Bank of Valletta stages first-half revival in profitability with €25.9m pre-tax profit

BOV registers €25.9 million profit before tax for the first six months of 2021


Bank of Valletta has registred a €25.9 million pre-tax profit for the first half of 2021 (€13.8m 2020).

BOV staged a revival in profitability with return on equity, at 4.8% (2020: 2.6%) still way below its longer-term potential.

Chairman Gordon Cordina said a return to a stable and predictable dividend was not advisable at this stage, given the risks in the overall economic environment, litigation risks, and the need for capital to support the ongoing transformation over the coming months.  

CEO Rick Hunkin said the bank will be investing in new technology and streamlining processes as well as undertaking a significant restructuring of our operating models. This will be supplemented by branch redesign and refurbishment over the next two years. 

The result includes the effect of investment activities in Anti-Financial Crime Transformation and BOV 2023 Strategy of €17.1 million (1H 2020: €5.8 million). Credit provisions saw a net release of €3 million for first half of 2021 (1H 2020: €7.5 million charge).

Excluding the impact of investment in transformation and credit, the underlying profit stood at €39.9m.

Net interest income of €73.4m (2020: €72m) was underpinned by a steady growth in home loans and in corporate loans issued in support of businesses under the BOV MDB COVID-19 Assist scheme.

Commission and trading revenues of €40.4m (2020: €36.3m) benefited from the relaxation of COVID-19 restrictions which in 2020 had severely impacted business lines such as cards and payments. 

Operating costs decreased to €81.5m on as at end of June (2020: €83.7 million) reflecting lower consultancy costs as some aspects of the bank’s de-risking programme reached completion, partly offset by an operating loss of circa €1 million due to the cost of refunding customers who were recently targeted in fraudulent scams.  

The Group’s total assets were €13.7 billion as at June 2021 which was 6.4% higher than December 2020. 

Net loans and advances as at end June 2021 were just below the €5 billion mark, with a growth rate of 3.9% over December 2020. Despite the momentum in the loan book, the liquidity position remained very strong with cash and short-term funds increasing by €365 million in the first half.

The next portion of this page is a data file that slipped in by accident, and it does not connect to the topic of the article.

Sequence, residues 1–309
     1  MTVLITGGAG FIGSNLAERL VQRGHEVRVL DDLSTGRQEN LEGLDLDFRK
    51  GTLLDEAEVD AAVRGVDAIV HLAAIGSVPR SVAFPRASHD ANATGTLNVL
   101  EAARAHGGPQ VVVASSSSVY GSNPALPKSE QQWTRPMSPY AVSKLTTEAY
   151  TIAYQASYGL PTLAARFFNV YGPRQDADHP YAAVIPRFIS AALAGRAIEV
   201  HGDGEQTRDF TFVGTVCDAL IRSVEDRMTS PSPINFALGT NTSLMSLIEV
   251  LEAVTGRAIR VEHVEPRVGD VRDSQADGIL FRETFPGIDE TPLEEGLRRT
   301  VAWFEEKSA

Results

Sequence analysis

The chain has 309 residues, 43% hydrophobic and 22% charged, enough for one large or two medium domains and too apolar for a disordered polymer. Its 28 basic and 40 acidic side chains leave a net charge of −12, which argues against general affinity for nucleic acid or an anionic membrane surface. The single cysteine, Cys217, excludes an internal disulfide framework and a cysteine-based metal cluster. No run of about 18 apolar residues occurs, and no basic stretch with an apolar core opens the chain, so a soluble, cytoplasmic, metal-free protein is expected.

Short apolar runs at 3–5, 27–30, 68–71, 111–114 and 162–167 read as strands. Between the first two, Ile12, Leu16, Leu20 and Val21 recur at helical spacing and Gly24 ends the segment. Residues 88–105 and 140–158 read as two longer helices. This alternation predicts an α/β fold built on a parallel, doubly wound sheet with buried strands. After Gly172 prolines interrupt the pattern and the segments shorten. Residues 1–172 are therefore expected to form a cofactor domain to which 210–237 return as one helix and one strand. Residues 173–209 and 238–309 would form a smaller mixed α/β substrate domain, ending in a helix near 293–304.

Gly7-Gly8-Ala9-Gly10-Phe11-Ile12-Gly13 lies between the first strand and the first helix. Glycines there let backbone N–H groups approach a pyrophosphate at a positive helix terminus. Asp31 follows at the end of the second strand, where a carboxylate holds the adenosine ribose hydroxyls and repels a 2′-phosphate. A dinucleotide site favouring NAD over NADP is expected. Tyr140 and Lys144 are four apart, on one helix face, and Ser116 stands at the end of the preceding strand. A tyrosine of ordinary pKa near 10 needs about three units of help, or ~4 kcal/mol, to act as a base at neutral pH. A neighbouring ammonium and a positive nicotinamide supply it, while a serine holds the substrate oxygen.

BOV’s Deiulemar litigation in Italy has not changed during the last six months. The bank maintains its position, based upon robust legal opinions (including one from Italy’s leading independent and specialist authority in these areas), that the claim by the Italian bondholders of the defunct shipping giant, is wholly without merit.

“An offer to settle out of court made last year was based solely upon a desire to end this long-standing matter quickly to remove uncertainty and avoid costs associated with addressing the matter.

This would also enable us to make a more effective use of its capital surplus. Significant efforts continue on a number of fronts to resolve this situation and no additional provision for litigation is considered necessary,” CEO Rick Hunkin said.

Hunkin said the FATF greylisting is not expected to have an immediate impact on the Bank’s operations and rating.

“However, greylisting could raise transaction costs and impact cross-border transaction flows for the whole banking sector. Increased monitoring by foreign banks and counterparts is also expected. Initial indications are that our international trading partners had factored in such an eventuality, but we will watch closely as there remains a risk that a prolonged period before removal from the grey list may lead to some potentially changing their view,” the CEO said.